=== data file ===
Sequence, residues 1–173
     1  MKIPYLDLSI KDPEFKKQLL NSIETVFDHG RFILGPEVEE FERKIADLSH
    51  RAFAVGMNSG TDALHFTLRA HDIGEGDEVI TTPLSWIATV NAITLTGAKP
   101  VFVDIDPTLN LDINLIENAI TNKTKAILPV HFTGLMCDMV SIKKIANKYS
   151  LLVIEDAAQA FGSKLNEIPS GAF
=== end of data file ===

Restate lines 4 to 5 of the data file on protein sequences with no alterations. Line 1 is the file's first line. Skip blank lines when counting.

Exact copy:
   101  VFVDIDPTLN LDINLIENAI TNKTKAILPV HFTGLMCDMV SIKKIANKYS
   151  LLVIEDAAQA FGSKLNEIPS GAF